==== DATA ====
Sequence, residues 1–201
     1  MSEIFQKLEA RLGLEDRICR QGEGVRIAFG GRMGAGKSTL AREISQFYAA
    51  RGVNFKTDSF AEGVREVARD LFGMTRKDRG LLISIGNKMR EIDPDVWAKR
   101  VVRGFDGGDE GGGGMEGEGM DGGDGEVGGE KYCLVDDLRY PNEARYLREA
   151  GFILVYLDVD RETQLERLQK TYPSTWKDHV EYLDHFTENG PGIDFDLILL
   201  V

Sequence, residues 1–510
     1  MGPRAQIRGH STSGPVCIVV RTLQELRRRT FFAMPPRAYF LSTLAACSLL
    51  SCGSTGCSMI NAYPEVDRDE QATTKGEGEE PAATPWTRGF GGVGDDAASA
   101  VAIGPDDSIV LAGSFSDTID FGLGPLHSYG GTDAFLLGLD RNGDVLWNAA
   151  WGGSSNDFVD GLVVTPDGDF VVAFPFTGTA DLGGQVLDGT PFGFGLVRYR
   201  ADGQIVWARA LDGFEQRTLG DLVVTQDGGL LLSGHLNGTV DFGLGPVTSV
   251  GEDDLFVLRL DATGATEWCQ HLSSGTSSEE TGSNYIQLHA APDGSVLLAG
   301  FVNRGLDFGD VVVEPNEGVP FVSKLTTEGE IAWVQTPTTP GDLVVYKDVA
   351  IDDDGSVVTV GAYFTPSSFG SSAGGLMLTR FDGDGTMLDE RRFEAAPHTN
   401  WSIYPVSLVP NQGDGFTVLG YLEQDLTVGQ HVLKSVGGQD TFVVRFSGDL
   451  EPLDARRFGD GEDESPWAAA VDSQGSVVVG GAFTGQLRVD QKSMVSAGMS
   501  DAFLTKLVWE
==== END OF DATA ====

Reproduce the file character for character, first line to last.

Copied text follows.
Sequence, residues 1–201
     1  MSEIFQKLEA RLGLEDRICR QGEGVRIAFG GRMGAGKSTL AREISQFYAA
    51  RGVNFKTDSF AEGVREVARD LFGMTRKDRG LLISIGNKMR EIDPDVWAKR
   101  VVRGFDGGDE GGGGMEGEGM DGGDGEVGGE KYCLVDDLRY PNEARYLREA
   151  GFILVYLDVD RETQLERLQK TYPSTWKDHV EYLDHFTENG PGIDFDLILL
   201  V

Sequence, residues 1–510
     1  MGPRAQIRGH STSGPVCIVV RTLQELRRRT FFAMPPRAYF LSTLAACSLL
    51  SCGSTGCSMI NAYPEVDRDE QATTKGEGEE PAATPWTRGF GGVGDDAASA
   101  VAIGPDDSIV LAGSFSDTID FGLGPLHSYG GTDAFLLGLD RNGDVLWNAA
   151  WGGSSNDFVD GLVVTPDGDF VVAFPFTGTA DLGGQVLDGT PFGFGLVRYR
   201  ADGQIVWARA LDGFEQRTLG DLVVTQDGGL LLSGHLNGTV DFGLGPVTSV
   251  GEDDLFVLRL DATGATEWCQ HLSSGTSSEE TGSNYIQLHA APDGSVLLAG
   301  FVNRGLDFGD VVVEPNEGVP FVSKLTTEGE IAWVQTPTTP GDLVVYKDVA
   351  IDDDGSVVTV GAYFTPSSFG SSAGGLMLTR FDGDGTMLDE RRFEAAPHTN
   401  WSIYPVSLVP NQGDGFTVLG YLEQDLTVGQ HVLKSVGGQD TFVVRFSGDL
   451  EPLDARRFGD GEDESPWAAA VDSQGSVVVG GAFTGQLRVD QKSMVSAGMS
   501  DAFLTKLVWE